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J Neurol Sci. 1988 Apr;84(2-3):125-40.

Topographical distribution of neurochemical changes in Alzheimer's disease.

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Department of Neurochemistry, Institute of Neurology, London, U.K.


Biochemical indices of cortical nerve cells affected in Alzheimer's disease have been proposed (excitatory dicarboxylic amino acid, EDAA, sodium-dependent carrier; phosphate-activated glutaminase activity; serotonin type 2 recognition site; somatostatin-like immunoreactivity). These and the content of EDAAs and two related amino acids, and choline acetyltransferase (ChAT) activity have been measured in up to 13 areas of cerebral cortex and the cerebellar cortex from 16 patients with Alzheimer's disease and 17 controls. Reduction of the index of the serotonin recognition site, somatostatin content and another biochemical index of interneurones coincide and indicate a rather unexpected focal loss of such neurones from the parietal lobe. No unequivocal measure of the integrity of pyramidal neurones could be established as the content of no amino acid was reduced, the index of the EDAA carrier showed evidence of change in few brain regions and glutaminase activity was subject to unexplained variability. ChAT activity alone closely paralleled a previous report of the distribution of morphological degeneration. The results are discussed in relation to therapy and positron emission tomography.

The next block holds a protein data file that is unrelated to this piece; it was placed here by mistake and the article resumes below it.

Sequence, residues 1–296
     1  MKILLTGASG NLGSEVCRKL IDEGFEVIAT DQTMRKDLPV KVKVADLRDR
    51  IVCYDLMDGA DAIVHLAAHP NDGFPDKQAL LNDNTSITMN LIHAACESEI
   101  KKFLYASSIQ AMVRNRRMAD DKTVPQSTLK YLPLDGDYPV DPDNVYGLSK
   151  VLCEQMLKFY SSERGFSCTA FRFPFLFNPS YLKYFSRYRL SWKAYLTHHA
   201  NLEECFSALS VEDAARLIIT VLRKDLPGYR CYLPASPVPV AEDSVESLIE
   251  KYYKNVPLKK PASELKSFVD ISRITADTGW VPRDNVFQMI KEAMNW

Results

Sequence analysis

[Indexed for MEDLINE]

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